Radically Rural, the annual two-day summit focused on issues and opportunities in small cities and towns, opens Sept. 19 and is expected to attract 800 people from the Monadnock Region, the Northeast and throughout the country.
Radically Rural will again feature sessions on local news reporting. This year, five sessions will focus on newsrooms’ collaborations, solutions journalism, “crazy good” ideas for revenue, audience and content, funding journalism and a general session on fueling rural entrepreneurship.
The Keene Sentinel and Hannah Grimes planned the first Radically Rural conference last year, focusing on five topic areas critical to most small cities and towns across the country – downtown vitality, successful working lands’ policies and practices, thriving arts and cultural enclaves, innovation and entrepreneurship, and community journalism.
Registration is now open for the 2019 New England Newspaper Conference
This year the New England Newspaper Conference will be held at a new location – the AC Hotel Marriott in Worcester.
The one-day conference will include several speakers, panels and sessions that address relevant and timely topics in the newspaper industry.
Let people know you are attending and feel free to live tweet during the event using the hashtag #NENewsConference.
Christina Smith plans to engage with the audience on two major discussion points concerning community newspapers. First, she will briefly discuss one of her current research projects that explores why small-town, geographically-bounded U.S. weekly newspapers continue to be viable in the digital era, despite the struggles larger U.S. newspapers continue to undergo. Upon completion of a recent exploratory study, Christina argues that U.S. print weekly newspapers continue to be perceived by their audiences as the most relied upon news sources for the communities in which they serve because community members believe the local newspaper and its journalists and owners serve as community builders, produce relevant, truthful, local information, and are highly motivated by community needs in order to do their jobs – all of which have long been the foundational rules guiding community journalism.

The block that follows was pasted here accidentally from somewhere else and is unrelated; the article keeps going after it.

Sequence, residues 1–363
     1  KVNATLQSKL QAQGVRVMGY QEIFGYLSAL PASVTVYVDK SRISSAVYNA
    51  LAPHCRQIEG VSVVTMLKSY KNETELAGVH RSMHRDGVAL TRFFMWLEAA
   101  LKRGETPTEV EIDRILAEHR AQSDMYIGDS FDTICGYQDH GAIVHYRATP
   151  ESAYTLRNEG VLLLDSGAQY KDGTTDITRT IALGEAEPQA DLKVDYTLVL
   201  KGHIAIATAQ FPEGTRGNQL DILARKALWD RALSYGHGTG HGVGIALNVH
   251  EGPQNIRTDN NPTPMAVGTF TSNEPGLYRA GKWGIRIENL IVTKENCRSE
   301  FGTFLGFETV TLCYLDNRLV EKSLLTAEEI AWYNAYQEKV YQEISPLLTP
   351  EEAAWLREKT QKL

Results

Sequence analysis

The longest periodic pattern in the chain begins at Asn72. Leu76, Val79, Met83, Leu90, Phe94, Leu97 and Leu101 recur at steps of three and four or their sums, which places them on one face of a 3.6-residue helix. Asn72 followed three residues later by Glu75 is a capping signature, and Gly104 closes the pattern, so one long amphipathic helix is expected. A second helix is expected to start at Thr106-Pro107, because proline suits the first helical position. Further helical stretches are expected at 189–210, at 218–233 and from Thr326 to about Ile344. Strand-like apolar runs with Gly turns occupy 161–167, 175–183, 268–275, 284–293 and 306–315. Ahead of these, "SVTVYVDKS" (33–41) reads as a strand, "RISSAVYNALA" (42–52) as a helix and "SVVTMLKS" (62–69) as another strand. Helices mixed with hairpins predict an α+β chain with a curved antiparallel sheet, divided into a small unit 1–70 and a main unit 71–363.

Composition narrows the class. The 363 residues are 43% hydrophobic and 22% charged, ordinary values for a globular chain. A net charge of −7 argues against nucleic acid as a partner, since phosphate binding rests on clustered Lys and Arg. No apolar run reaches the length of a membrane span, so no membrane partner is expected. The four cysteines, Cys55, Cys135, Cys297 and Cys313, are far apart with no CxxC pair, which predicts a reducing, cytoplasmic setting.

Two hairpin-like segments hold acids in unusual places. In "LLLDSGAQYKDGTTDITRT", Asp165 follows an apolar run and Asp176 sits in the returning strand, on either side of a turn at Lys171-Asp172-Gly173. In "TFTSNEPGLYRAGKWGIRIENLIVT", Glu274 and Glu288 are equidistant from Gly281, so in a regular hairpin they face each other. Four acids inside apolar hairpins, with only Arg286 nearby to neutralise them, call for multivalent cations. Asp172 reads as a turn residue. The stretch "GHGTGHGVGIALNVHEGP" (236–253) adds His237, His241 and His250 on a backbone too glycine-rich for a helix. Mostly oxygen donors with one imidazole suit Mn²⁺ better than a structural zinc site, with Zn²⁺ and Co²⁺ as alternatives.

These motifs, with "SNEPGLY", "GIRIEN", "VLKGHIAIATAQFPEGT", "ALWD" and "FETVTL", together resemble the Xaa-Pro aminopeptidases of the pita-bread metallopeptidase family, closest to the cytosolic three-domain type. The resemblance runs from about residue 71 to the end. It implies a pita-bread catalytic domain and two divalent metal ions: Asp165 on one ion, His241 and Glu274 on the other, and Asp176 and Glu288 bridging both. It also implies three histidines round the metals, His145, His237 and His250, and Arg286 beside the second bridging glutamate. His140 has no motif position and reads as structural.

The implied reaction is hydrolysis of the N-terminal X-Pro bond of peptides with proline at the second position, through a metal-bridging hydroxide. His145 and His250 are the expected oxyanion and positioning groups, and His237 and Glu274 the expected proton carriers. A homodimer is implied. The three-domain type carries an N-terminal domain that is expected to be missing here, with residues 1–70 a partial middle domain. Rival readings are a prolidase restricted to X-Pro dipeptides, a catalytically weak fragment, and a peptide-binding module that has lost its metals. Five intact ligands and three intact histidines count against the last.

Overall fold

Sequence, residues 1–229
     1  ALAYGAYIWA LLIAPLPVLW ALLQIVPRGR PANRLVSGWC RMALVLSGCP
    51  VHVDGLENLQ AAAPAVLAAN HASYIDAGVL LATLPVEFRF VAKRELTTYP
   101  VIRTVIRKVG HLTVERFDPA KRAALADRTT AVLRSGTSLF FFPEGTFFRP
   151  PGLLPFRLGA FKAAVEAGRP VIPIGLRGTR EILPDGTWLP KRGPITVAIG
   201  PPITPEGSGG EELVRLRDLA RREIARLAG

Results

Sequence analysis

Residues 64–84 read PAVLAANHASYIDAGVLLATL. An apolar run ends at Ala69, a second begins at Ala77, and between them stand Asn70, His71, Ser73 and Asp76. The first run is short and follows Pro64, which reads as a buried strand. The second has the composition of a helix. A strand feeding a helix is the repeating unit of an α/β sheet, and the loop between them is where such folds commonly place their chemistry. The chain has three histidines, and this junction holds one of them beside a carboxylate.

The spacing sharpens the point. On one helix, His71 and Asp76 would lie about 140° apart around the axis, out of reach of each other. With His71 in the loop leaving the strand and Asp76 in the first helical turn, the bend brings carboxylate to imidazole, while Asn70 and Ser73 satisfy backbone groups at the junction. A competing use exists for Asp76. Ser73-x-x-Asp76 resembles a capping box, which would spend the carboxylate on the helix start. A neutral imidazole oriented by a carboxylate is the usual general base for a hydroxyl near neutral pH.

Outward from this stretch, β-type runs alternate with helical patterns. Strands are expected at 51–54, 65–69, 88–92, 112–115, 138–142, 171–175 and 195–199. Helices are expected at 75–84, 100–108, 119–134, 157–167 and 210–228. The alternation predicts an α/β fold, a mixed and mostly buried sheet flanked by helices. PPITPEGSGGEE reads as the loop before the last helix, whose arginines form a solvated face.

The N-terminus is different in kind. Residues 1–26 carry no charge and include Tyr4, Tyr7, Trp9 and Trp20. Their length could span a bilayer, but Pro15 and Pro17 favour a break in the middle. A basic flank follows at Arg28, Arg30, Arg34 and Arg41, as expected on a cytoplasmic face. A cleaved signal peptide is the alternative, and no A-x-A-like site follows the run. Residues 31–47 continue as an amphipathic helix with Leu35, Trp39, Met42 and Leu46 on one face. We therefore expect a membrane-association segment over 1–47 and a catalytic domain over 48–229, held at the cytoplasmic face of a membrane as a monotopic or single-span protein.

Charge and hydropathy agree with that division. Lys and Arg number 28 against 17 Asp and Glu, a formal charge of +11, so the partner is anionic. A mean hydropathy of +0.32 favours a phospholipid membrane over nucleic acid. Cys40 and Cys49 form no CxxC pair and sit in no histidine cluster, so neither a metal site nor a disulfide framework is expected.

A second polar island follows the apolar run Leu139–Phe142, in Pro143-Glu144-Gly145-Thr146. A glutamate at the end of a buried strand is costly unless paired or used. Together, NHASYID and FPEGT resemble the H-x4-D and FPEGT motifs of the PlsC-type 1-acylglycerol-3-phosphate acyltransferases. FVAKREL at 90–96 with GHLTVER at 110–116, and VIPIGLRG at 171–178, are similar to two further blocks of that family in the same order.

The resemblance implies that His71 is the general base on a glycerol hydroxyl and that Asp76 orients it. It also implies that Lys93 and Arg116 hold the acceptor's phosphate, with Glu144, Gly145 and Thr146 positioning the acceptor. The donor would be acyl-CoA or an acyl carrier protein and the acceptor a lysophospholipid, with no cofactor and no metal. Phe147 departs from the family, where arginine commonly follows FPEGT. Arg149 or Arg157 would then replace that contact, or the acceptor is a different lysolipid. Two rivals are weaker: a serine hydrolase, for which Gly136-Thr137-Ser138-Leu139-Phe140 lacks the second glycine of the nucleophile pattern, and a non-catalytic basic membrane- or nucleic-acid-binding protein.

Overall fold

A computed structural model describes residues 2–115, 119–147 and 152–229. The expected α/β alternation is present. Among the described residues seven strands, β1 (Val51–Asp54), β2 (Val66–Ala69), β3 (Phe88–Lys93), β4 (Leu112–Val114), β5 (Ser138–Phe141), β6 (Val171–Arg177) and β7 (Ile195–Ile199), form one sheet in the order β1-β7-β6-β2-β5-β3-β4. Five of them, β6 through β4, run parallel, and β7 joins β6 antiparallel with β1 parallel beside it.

Following the brief research presentation, Christina will share with viewers a useful survey tool she produced for research purposes that she believes newspaper publishers can use in their own communities to better understand the expectations of their audiences.
Christina Smith is an assistant professor of communication at Georgia College and State University, Milledgeville, Georgia, where she teaches journalism. Before getting her Ph.D. in mass communications in 2015 at the University of Iowa, she worked in the newspaper industry as a daily and weekly news reporter for more than 13 years.
As a scholar, Smith’s research interests include the roles of journalism in small, rural towns in the U.S., specifically as they relate to print weekly newspapers with circulations of less than 5,000.
This webinar is offered in partnership with Online Media Campus.
A NENPA member code is required to register for this free online webinar. NENPA members that are interested in signing up for this webinar should email firstname.lastname@example.org to receive the access code.